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Capital wealth taxation as a potential remedy for excessive capital wealth inequality

  • James A. Yunker
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    In this paper, it is first shown that a simple model of inheritance and chance, neither of which involve entrepreneurial or other productive contributions on the part of the capital owner, is quite successful in predicting the empirical capital wealth distribution in the United States as indicated by data taken from the 2004 Survey of Consumer Finances. To the extent that an extremely high level of capital wealth inequality does not play an essential role in maintaining effort incentives and economic prosperity, the possibility of reducing it via taxation becomes more attractive. Estate taxation has been in existence for a long time, but model simulations suggest that while it can slow the rise of capital wealth inequality from an initial condition of perfect equality, once capital wealth inequality has reached a high level, it is ineffective in reducing this level. However, further model simulations indicate that even a relatively modest rate of annual capital wealth taxation can be highly effective toward this end.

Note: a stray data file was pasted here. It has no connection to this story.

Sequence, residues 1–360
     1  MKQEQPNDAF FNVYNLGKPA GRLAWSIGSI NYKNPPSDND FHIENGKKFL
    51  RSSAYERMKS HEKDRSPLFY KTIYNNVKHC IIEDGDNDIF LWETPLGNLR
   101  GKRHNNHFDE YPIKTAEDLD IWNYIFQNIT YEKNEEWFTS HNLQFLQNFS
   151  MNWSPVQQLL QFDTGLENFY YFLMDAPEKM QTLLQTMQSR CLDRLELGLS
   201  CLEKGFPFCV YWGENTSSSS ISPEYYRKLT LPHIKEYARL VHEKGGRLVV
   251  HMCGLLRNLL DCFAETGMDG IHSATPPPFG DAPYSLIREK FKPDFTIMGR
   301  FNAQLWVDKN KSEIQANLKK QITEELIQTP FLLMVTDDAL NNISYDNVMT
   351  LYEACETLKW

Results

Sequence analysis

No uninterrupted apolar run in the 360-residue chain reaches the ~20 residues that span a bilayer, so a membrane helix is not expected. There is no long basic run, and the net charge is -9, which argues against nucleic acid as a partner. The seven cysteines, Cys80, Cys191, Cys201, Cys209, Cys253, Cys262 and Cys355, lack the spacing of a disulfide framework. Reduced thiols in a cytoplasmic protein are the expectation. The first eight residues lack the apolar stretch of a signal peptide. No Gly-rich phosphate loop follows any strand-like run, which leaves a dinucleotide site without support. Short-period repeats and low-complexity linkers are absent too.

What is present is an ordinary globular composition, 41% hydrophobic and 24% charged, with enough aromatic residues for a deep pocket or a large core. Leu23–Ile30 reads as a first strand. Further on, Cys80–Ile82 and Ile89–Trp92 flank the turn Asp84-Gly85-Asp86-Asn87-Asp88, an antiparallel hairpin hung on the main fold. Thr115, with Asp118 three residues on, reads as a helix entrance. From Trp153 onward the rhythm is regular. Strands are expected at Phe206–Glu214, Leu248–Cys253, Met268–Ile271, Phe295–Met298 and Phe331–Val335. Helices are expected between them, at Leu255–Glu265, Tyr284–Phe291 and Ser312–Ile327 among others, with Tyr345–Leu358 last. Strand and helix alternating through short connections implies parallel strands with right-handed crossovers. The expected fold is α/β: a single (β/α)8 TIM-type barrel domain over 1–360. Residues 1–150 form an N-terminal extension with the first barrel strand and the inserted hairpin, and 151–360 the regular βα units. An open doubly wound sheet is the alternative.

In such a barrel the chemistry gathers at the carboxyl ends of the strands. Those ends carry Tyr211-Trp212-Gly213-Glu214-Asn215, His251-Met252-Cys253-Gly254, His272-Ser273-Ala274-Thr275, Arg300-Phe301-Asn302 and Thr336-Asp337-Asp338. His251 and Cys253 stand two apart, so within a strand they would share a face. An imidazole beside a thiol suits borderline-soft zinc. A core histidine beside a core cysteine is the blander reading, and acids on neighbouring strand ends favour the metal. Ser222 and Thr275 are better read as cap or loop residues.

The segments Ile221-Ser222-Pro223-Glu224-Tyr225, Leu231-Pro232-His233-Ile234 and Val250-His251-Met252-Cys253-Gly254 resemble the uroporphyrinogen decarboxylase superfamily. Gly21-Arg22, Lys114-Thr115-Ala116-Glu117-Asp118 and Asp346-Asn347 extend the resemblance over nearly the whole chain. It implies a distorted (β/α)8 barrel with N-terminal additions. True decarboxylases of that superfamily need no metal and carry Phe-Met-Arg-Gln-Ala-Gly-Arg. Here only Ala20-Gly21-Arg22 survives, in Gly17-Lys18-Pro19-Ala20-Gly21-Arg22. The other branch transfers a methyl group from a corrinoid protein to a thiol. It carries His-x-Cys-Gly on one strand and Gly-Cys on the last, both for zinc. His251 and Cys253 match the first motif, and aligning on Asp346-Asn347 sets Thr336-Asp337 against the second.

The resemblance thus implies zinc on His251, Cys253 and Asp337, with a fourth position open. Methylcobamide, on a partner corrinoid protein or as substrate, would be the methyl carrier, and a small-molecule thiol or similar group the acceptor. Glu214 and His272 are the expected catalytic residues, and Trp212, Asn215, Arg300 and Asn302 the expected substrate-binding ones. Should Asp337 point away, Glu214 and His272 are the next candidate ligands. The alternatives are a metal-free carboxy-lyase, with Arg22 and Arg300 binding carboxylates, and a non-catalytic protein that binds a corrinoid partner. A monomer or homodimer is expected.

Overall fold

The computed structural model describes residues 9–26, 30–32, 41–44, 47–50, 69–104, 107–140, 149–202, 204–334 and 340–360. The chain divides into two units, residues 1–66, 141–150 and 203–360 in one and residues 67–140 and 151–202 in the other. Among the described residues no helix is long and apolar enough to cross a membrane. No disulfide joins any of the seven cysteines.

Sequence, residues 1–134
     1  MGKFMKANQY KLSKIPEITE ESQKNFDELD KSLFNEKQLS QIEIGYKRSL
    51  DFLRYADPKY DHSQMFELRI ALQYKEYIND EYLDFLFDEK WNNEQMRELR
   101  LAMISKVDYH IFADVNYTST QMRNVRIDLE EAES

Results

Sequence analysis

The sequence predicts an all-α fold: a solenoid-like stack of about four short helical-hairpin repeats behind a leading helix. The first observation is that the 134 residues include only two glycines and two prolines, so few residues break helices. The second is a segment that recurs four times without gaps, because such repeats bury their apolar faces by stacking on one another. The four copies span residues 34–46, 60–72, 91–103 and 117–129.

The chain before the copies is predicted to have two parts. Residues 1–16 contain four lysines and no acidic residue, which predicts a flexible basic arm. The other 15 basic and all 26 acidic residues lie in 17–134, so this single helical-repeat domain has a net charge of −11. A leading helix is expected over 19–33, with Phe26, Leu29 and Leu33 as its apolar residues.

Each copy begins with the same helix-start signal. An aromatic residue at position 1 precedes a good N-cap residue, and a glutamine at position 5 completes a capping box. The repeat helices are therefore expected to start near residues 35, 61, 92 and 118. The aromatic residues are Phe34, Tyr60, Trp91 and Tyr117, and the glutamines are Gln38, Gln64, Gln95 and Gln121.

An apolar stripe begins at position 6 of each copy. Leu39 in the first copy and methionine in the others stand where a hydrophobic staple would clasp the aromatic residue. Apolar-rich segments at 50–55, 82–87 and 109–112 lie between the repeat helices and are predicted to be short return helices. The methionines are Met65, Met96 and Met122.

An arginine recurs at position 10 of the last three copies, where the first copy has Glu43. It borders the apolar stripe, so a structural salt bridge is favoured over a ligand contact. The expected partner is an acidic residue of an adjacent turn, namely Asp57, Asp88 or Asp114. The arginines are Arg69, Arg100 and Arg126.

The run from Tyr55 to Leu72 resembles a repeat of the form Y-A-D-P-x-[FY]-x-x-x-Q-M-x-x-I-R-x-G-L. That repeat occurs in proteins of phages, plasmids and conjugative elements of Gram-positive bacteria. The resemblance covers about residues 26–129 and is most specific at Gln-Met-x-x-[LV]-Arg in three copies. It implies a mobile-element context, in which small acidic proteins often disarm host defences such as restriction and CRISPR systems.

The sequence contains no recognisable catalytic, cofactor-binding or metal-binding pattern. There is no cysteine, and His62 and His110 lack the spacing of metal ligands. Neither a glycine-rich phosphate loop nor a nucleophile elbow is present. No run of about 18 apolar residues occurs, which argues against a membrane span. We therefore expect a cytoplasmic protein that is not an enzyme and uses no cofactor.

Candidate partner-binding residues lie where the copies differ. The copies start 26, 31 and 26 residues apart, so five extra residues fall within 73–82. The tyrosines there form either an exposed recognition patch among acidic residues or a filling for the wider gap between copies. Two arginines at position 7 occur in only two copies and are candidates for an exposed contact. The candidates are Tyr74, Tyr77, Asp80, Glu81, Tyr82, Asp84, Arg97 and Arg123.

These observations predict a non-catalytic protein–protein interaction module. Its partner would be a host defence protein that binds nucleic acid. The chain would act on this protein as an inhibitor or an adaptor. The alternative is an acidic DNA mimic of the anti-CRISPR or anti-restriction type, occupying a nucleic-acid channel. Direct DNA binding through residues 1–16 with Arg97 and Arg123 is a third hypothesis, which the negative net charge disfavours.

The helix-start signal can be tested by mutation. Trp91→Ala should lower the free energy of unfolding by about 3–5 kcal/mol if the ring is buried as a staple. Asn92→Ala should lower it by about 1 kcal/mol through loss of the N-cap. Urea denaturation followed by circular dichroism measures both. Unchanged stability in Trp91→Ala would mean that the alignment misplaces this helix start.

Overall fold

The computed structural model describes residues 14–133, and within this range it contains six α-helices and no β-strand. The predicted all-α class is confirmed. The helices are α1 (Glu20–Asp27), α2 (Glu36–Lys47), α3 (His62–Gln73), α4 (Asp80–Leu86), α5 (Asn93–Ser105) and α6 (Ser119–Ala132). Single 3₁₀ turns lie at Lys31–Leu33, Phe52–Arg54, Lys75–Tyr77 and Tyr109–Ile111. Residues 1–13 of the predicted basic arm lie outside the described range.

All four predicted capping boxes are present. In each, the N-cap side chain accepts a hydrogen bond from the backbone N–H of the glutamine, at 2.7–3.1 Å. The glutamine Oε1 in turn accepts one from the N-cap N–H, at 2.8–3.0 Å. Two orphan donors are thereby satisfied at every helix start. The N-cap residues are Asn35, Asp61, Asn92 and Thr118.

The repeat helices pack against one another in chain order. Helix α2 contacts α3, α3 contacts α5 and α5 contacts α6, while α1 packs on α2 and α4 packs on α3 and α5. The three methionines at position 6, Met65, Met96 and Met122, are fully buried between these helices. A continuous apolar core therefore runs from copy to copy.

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    Article provided by M.E. Sharpe, Inc. in its journal Journal of Post Keynesian Economics.

    Volume (Year): 33 (2010)
    Issue (Month): 1 (October)
    Pages: 83-104

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    Handle: RePEc:mes:postke:v:33:y:2010:i:1:p:83-104
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